10 months ago • 2 mins
Mining giant Rio Tinto posted some dry-as-dust results on Wednesday, but the firm’s outlook predicted an incoming flood.
What does this mean?
2022 was a wild ride for metals, with dizzying early highs followed by a debilitating slump in the second half of the year. And China’s desperate attempts to contain Covid didn’t help matters, choking activity in the world’s second-biggest economy and dealing a crushing blow to the price of iron ore – a key material in steel production. Rio Tinto, the world’s top iron ore producer, certainly felt the heat: lofty labor and material costs ate into the miner’s bottom line just as prices plummeted, and profit for the full year nosedived 38% from 2021. But never fear: Rio Tinto’s “quietly confident” for 2023, especially now that China has got back to business. Still, that outlook was cold comfort for investors when the world’s second-biggest miner slashed its annual dividend by 50%, and they sent its stock tumbling.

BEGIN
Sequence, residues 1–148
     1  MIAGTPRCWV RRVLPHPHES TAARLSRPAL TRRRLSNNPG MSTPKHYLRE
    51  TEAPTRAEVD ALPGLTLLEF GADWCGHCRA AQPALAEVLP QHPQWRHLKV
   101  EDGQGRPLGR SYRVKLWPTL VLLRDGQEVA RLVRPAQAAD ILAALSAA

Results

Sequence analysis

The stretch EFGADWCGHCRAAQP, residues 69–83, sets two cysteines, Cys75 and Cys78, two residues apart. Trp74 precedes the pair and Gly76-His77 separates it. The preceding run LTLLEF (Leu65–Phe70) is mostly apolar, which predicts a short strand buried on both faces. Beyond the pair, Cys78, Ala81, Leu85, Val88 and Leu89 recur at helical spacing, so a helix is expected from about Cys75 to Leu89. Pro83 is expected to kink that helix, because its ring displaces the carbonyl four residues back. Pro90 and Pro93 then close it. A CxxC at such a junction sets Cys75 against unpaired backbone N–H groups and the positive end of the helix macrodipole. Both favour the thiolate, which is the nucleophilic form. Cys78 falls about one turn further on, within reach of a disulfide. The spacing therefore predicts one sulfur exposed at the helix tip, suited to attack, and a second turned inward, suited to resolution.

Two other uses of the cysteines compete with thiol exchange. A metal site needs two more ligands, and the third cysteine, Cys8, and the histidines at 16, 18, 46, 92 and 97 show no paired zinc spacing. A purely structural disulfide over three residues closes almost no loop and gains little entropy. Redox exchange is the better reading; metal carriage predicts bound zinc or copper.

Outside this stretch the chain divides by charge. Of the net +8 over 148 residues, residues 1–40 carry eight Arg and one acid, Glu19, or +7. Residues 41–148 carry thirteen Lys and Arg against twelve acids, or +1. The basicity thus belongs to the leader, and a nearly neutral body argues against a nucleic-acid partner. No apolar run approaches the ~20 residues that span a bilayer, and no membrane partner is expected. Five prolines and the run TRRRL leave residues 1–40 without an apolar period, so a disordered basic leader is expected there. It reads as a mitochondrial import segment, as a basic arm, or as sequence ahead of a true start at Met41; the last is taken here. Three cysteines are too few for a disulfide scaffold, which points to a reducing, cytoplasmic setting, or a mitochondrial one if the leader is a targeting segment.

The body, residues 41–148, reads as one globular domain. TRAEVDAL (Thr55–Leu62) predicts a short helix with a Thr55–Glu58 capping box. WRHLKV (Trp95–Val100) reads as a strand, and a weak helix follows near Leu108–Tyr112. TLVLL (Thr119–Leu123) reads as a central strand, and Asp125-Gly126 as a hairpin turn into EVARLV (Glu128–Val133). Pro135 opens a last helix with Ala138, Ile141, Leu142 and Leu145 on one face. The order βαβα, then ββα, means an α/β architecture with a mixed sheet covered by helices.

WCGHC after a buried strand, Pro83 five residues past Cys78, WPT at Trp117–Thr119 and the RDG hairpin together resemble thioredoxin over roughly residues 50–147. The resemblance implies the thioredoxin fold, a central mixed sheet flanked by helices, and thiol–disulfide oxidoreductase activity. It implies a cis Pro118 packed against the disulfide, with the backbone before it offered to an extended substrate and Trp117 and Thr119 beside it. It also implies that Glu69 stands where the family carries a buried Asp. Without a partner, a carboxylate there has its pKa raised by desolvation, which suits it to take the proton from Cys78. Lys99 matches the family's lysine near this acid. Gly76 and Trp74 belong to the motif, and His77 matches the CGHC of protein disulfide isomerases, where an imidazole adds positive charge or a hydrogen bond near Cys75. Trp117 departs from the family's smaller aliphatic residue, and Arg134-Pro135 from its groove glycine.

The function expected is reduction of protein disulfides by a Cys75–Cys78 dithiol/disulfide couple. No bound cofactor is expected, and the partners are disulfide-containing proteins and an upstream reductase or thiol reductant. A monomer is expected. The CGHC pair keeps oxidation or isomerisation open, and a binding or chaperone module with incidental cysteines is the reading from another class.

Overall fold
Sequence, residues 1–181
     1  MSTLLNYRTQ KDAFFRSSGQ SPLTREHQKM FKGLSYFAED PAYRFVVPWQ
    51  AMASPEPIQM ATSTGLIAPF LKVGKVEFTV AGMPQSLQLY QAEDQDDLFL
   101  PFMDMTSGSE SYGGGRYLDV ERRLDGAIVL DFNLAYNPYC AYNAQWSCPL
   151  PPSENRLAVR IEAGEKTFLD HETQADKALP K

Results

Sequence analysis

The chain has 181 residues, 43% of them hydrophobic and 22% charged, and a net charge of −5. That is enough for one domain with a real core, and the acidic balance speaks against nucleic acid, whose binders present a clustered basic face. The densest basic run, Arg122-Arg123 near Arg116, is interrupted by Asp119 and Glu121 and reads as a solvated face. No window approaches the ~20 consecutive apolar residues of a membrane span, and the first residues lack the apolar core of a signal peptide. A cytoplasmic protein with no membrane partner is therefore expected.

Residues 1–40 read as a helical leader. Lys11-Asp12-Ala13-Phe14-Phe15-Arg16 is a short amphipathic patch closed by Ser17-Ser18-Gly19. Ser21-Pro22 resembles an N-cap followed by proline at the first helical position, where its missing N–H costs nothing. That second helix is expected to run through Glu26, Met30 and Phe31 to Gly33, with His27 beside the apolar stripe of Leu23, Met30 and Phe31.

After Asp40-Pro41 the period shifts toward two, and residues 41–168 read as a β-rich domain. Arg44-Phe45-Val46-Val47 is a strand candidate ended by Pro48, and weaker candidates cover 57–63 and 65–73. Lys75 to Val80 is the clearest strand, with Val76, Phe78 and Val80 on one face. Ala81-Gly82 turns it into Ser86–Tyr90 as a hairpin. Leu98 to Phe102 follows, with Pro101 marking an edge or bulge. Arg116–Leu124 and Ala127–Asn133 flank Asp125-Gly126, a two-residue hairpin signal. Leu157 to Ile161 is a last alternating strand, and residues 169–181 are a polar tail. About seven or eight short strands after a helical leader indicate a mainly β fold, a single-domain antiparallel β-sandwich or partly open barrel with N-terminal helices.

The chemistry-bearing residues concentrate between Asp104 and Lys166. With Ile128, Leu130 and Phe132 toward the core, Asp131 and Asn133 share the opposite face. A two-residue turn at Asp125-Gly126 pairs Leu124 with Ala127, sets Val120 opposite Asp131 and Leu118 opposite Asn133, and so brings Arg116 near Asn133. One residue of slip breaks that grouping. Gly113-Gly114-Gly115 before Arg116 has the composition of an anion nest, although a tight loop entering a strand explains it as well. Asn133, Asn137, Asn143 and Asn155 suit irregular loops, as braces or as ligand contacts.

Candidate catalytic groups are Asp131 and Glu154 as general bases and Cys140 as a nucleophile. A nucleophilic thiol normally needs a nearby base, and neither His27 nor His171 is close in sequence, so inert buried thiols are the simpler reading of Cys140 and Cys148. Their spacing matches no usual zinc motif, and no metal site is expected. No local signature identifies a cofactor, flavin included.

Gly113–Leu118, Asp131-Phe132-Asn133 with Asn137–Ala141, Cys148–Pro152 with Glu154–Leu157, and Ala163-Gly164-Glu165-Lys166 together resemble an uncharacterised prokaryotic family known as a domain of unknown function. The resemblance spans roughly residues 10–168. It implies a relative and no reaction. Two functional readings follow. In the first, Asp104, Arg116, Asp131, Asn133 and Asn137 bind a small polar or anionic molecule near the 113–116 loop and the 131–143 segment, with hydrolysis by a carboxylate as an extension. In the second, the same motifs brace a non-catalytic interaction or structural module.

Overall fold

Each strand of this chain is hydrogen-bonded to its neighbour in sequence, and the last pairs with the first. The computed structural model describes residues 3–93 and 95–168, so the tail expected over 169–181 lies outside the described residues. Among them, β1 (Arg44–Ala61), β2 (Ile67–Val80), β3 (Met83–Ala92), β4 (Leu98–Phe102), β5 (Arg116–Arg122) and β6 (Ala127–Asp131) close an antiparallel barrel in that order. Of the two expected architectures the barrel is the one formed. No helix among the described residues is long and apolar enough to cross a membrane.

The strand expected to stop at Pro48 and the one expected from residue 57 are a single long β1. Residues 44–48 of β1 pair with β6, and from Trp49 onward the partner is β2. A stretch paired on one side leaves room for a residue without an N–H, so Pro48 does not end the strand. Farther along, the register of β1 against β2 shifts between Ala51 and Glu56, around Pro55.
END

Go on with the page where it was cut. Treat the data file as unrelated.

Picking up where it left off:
Why should I care?
The bigger picture: Steel yourself.
For Rio to see the glory days return, China’s property sector – a key end-user of its iron ore in the form of steel – will need to get back in shape. And it looks like that just might happen: the Chinese government recently announced a pilot program allowing investment funds to operate in the market, a move that could help revive stalled projects in the sector, and one of a raft of efforts intended to give the sector a much-needed jumpstart.
Zooming out: Green gold mine.
Rio gave the EV world something to toot its horn about this week: a new green agreement with BMW. The German carmaker's looking to reduce its emissions and Rio's going to help out, supplying the firm with aluminum produced using hydroelectric power. For BMW, that means taking a chunk out of its carbon footprint – and for Rio, it suggests that eco deals could prove plentiful down the line.
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